How should public health recommendations address Lp(a) measurement, a causative risk factor for cardiovascular disease (CVD)?

March 7, 2022
Cells under microscope

This article was originally published by Atherosclerosis.

Background and aims

Elevated concentrations of Lipoprotein (a) [Lp(a)] is an inherited, causal risk factor for atherosclerotic cardiovascular disease (ASCVD). This study aims to investigate the clinical utility for patients, and the economic benefit to healthcare systems and society of measuring Lp(a) concentrations more widely today.


We conducted a structured literature review to identify the economic and health benefits and costs of measuring the Lp(a) concentration, potential barriers hindering the uptake of the measure, and potential solutions to address them. These findings were then discussed in an advisory board attended by experts and patient organisations.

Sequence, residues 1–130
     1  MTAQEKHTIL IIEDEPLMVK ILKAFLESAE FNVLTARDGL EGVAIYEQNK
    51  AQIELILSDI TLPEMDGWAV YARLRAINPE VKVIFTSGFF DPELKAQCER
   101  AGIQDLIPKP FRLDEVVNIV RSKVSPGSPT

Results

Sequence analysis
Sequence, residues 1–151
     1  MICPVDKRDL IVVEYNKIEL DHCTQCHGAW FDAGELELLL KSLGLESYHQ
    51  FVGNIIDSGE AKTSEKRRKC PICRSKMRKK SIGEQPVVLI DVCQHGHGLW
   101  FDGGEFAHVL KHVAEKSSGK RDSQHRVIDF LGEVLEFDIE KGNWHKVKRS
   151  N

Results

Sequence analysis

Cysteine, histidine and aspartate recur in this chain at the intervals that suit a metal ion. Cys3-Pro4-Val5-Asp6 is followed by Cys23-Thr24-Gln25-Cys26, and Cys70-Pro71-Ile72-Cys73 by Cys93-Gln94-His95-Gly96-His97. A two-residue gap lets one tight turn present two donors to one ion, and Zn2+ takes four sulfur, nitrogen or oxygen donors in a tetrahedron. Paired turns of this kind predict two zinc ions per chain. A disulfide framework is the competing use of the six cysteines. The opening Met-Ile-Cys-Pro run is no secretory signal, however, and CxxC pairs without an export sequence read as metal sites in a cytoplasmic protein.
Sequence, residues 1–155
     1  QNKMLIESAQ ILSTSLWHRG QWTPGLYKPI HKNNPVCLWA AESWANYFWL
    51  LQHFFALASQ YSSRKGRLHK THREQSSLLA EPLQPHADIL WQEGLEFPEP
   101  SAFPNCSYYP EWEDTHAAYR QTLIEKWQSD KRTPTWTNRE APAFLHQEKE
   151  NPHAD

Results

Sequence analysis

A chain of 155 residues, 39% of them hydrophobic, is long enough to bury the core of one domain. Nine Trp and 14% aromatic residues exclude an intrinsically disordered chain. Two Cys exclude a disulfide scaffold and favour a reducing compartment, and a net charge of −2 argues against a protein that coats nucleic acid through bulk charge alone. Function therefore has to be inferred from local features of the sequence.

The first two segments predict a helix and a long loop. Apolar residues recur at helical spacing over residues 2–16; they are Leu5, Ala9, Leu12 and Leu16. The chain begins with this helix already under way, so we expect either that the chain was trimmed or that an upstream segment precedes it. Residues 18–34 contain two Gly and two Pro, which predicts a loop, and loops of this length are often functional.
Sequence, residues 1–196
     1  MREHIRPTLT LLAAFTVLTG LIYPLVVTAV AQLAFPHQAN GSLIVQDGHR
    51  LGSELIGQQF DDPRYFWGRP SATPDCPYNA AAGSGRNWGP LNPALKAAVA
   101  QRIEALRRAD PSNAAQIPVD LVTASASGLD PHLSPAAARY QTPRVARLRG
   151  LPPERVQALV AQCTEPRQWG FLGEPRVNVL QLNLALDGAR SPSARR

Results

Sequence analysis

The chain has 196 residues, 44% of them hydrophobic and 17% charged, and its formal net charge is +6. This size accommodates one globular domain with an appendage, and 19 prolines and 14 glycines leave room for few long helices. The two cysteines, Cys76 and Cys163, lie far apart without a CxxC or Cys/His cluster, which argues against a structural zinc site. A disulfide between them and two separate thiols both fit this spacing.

It was found that if Lp(a) concentration is measured more widely today, patients, healthcare system and society would experience clinical and economic benefits even before specific Lp(a) lowering pharmacological treatments become available. Furthermore , a wider uptake of the Lp(a) measurement would support the development of epidemiological data.


For Lp(a) measurement to be more widely used, key barriers which are hindering its uptake need to be addressed. These include i) the perception that the measure may have limited clinical value, ii) lack of awareness on Lp(a), iii) lack of data on the CV benefit of reducing Lp(a), iv) technical and clinical guidelines barriers, and v) healthcare system barriers. Scientific communities and industry should collaborate to address technical challenges and deficiencies in clinical guidelines. However, policy intervention will be crucial for national ASCVD plans to acknowledge the importance of Lp(a).